de_prof2003
Returning Member

What to enter on the 1099-B "Worksheet"

I haven't filed since 2016, so could the carry over be from way back then and still be "usable"?  I don't really need it, because I have a loss in 2020, so is there a problem simply not using it?

 

Thanks,

prof

DianeW777
Expert Alumni

What to enter on the 1099-B "Worksheet"

A carryover loss must be calculated each year to carryforward.  There is a worksheet depending on what type of loss and it will be use it or lose it.  Not having to file a tax return doesn't mean that you still shouldn't at least prepare a tax return every year (though you need not file it), as a record of of your year-to-year long-term capital loss carryover.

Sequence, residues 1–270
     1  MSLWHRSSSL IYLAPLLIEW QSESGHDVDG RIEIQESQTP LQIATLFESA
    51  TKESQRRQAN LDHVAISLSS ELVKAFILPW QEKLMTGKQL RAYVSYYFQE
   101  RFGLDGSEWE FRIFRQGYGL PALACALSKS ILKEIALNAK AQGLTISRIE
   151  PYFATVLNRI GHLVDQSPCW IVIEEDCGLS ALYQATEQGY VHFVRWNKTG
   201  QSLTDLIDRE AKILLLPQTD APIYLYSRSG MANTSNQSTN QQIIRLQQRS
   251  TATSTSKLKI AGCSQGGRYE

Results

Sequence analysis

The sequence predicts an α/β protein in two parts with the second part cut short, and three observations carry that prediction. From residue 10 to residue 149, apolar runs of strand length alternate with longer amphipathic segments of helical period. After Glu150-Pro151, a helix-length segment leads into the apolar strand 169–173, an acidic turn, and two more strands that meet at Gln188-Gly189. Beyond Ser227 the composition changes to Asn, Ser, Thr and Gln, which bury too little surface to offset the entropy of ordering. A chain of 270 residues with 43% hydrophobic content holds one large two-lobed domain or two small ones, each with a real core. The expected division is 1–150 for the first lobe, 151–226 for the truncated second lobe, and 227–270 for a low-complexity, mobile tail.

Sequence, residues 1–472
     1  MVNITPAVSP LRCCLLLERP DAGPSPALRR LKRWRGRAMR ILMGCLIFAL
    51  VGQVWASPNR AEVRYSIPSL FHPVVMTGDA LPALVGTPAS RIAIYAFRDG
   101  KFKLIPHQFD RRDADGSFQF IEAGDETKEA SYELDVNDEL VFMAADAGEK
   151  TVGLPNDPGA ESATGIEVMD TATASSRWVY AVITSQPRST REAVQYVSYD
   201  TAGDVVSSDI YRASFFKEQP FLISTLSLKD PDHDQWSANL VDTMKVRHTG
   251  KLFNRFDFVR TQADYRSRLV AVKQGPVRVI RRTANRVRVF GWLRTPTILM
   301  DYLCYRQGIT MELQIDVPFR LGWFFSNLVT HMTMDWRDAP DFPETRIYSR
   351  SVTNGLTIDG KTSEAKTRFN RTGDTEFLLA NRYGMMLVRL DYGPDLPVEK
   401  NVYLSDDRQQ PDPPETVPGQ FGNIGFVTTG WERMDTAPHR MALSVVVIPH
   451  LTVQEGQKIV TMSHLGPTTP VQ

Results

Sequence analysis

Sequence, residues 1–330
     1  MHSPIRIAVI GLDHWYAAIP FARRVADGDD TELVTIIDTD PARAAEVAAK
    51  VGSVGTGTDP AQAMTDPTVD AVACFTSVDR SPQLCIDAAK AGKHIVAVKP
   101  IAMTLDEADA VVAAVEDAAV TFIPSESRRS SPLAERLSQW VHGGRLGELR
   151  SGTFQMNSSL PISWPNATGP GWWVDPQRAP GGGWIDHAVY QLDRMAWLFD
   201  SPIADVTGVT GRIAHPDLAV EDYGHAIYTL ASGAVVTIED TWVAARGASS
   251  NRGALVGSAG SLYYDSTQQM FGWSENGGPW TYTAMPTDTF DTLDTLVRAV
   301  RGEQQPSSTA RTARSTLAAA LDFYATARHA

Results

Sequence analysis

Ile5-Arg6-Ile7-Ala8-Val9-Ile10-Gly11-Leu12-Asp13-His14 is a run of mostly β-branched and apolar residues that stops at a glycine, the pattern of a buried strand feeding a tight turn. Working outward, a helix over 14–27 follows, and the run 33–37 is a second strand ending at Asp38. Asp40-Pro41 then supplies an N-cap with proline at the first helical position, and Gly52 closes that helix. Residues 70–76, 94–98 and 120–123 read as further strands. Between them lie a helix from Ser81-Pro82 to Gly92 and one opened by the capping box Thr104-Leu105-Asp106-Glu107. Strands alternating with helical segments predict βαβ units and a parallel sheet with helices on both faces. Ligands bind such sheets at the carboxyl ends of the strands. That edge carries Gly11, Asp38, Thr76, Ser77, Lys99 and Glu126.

Because of certain "oddities" let's say, having to do with IRS ordering rules in the way that deductions are applied against your income (even when an individual falls below the IRS filing threshold), your capital loss may slowly be eaten away -- even if you don't use it.

 

In short, it's a complicated subject.  To understand how long-term capital loss carryovers are treated for those who do not file an income tax return, or who have low taxable income, we respectfully direct you to some of our source materials.  The underlying concepts (and some useful examples) are discussed in depth on the following webpage.

It's up to you if you want to lose it completely by not carrying it over.  The tax returns not filed, never begin a statute of limitations, which means they are open for all future years.  You are not allowed to postpone using it or saving it for a more advantageous time.